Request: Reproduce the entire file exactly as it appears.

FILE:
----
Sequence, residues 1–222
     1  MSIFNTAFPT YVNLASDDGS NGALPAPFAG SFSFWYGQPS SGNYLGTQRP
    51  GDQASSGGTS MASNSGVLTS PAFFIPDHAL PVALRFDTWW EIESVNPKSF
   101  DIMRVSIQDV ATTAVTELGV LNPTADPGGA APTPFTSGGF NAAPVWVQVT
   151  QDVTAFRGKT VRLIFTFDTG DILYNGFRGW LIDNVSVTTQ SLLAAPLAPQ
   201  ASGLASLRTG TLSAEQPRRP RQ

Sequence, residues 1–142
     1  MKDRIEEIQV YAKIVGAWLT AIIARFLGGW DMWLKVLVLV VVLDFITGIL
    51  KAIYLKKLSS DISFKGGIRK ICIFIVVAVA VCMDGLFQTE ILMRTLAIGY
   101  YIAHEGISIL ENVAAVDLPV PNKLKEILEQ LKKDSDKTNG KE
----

Sequence, residues 1–222
     1  MSIFNTAFPT YVNLASDDGS NGALPAPFAG SFSFWYGQPS SGNYLGTQRP
    51  GDQASSGGTS MASNSGVLTS PAFFIPDHAL PVALRFDTWW EIESVNPKSF
   101  DIMRVSIQDV ATTAVTELGV LNPTADPGGA APTPFTSGGF NAAPVWVQVT
   151  QDVTAFRGKT VRLIFTFDTG DILYNGFRGW LIDNVSVTTQ SLLAAPLAPQ
   201  ASGLASLRTG TLSAEQPRRP RQ

Sequence, residues 1–142
     1  MKDRIEEIQV YAKIVGAWLT AIIARFLGGW DMWLKVLVLV VVLDFITGIL
    51  KAIYLKKLSS DISFKGGIRK ICIFIVVAVA VCMDGLFQTE ILMRTLAIGY
   101  YIAHEGISIL ENVAAVDLPV PNKLKEILEQ LKKDSDKTNG KE